The Future of Across-Screen Advertising, Part I
Symphony Advanced Media (aka SymphonyAM) and TiVo Research have announced a new partnership. They are building out joint sample size to allow the combination of TiVo/TRA’s purchase data driven ROI measurement with Symphony’s cross-screen passive audience actions measurement. The combination promises the ability to produce the most complete track of the stimulus events leading up to a significant response event. A picture says it best:
This is essentially the Holy Grail of Attribution Analytics. The chart above is in effect what is simulated by modelers performing attribution analytics. Some modelers use homemade formulas but the best utilize the same kinds of multiple regression statistics used by Mix (Marketing Mix Modeling). However, without the real data on a decent sample size such as TiVo/Symphony is aiming for, these exercises are really best estimates rather than true measurements. The actuals will enable the most profitable decisions and actions far more than modeled estimates, although both are better than the seat-of-the-pants approach, which has been the core technique of the industry since time immemorial.
Once we have that view of the world, what will we discover and what will we do differently? Probably a lot of things. One of them will be a new/old technique we might wind up calling Across-Screen Advertising: The practice of having advertiser content simultaneously on more than one of the screens the user is currently using.
Like every other “new” idea, it is old. Back in the 1980s the first “second screen” plays began to be seen, either with a single-purpose screen or a screen built into the TV remote control channel changer. Street wisdom of the era said that taking the consumer’s eyes off the main screen was a bad idea so none of these ideas ever flew.
Symphony has now reported that for 32% of the time in which people who own a smartphone and/or tablet are watching TV in primetime they are also using one of those other devices. And this figure climbs to 40% during ad pods.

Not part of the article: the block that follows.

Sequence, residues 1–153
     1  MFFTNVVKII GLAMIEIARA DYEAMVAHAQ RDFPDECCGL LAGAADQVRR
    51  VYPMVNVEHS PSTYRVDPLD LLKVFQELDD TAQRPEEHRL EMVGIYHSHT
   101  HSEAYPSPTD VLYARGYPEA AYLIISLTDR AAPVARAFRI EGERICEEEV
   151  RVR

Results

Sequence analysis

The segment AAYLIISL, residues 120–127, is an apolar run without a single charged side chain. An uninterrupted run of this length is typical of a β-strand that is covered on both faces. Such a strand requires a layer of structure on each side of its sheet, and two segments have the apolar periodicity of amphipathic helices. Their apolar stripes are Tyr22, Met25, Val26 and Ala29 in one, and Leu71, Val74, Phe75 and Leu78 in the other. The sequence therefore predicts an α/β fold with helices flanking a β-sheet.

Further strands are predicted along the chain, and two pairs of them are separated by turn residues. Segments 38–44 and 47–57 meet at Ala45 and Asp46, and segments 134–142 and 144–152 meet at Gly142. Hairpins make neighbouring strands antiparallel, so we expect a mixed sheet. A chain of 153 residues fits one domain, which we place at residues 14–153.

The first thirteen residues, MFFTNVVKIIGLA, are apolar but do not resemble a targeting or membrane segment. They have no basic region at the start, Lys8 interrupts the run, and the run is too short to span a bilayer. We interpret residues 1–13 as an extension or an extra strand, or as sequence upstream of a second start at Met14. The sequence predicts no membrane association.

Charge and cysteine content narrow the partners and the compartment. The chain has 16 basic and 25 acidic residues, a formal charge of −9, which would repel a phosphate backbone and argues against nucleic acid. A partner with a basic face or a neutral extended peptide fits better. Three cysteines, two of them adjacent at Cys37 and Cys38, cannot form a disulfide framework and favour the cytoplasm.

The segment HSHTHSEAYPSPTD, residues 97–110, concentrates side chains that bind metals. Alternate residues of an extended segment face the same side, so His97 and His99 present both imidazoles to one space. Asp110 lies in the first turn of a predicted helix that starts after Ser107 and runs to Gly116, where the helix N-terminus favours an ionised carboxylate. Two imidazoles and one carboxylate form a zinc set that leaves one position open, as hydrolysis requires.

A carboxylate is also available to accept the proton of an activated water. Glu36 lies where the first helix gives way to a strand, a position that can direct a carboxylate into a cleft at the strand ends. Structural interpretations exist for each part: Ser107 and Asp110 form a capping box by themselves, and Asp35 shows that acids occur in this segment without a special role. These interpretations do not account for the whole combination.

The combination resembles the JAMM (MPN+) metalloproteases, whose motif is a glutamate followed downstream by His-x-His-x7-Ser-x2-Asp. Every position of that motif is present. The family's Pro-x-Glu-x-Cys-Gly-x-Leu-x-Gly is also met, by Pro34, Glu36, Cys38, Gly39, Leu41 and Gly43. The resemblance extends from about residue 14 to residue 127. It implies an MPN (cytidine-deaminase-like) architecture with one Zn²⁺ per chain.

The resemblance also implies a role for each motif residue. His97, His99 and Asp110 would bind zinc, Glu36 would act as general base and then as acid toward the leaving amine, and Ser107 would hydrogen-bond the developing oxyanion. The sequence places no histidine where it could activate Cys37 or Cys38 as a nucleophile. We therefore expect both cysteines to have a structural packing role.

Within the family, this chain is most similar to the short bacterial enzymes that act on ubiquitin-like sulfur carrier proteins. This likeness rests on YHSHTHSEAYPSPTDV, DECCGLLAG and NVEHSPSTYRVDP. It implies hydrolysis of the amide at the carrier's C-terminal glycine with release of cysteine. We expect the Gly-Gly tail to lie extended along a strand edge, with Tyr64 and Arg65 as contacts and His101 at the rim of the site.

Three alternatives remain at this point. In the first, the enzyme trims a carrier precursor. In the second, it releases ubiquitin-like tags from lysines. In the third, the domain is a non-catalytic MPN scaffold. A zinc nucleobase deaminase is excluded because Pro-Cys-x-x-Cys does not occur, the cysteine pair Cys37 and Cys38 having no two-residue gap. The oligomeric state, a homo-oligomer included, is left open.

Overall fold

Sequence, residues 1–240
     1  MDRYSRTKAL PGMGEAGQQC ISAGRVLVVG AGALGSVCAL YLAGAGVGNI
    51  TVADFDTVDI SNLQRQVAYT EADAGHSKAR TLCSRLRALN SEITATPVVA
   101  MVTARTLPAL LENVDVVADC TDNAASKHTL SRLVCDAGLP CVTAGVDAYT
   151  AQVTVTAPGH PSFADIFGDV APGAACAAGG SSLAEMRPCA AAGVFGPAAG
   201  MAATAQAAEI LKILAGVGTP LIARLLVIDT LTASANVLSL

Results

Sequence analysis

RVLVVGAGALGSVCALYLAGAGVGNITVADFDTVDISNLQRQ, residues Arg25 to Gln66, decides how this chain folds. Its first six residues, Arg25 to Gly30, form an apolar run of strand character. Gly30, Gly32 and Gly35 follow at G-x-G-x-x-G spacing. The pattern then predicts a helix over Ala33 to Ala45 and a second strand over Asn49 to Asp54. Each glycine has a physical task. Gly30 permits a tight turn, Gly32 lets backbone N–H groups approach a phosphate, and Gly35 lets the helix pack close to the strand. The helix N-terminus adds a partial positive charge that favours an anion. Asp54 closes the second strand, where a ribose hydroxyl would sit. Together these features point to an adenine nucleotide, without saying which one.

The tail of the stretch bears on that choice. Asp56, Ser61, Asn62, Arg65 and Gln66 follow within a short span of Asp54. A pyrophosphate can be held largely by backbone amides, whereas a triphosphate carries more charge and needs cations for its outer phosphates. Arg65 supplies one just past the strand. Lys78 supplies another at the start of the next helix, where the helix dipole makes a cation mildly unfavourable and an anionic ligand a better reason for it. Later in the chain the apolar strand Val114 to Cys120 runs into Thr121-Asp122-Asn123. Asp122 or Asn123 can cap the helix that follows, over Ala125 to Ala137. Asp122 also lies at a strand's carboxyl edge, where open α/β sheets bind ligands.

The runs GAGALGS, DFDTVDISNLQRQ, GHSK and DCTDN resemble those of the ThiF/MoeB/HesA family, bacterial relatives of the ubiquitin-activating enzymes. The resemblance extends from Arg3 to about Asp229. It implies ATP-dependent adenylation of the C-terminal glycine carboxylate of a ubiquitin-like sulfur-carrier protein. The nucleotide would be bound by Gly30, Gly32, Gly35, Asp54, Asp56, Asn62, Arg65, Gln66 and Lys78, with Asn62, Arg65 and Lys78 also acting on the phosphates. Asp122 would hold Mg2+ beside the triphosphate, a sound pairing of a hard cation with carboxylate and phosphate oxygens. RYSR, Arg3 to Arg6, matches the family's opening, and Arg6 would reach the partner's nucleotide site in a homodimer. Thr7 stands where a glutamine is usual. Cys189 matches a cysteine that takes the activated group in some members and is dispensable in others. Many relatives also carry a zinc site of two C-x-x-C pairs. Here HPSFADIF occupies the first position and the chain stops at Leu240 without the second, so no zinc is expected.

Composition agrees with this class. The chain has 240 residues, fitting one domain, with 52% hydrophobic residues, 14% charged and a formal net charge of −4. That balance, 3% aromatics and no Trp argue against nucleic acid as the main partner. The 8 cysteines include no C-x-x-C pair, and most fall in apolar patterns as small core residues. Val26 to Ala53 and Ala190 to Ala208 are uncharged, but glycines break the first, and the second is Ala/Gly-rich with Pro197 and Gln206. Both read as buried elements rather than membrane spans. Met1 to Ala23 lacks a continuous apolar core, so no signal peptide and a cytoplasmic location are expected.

This “rampant” level of usage led CBS’s David Poltrack and me to give a presentation at the ARF Audience Measurement conference last month. He kicked off by showing a slide of a huge football stadium with a humongous video screen. Dave is always in the Flow or Observer state and understands that to provoke a massive change in the way people do business you have to first take their mental set and change it. Using the analogy of an unprecedentedly large arena that could hold 15,000,000 people to describe a typical high-rated CBS series, he asked the ARF audience to think about what else they would do in the stadium -- besides put an ad on the video screen -- to take advantage of such an opportunity.
Personally, I thought about introducing a new beverage that the hot dog peddlers would deliver at an introductory discount, with the vendors singing along with the commercial while it was on the giant screen. Plus messages with the same song appearing on built-in screens in front of each seat and the attendees’ own smartphones and tablets if they happen to have them open at the time.
Dave effectively got people to think out of the box and to wonder about doing the same thing in people‘s living rooms where they really can reach 15,000,000 people at the same time via the smartphones and tablets and even laptops that some TV viewers are often using while watching TV.
- Bill Harvey is a well-known media researcher and inventor who co-founded TRA, Inc. and is itsBill Harvey Strategic Advisor.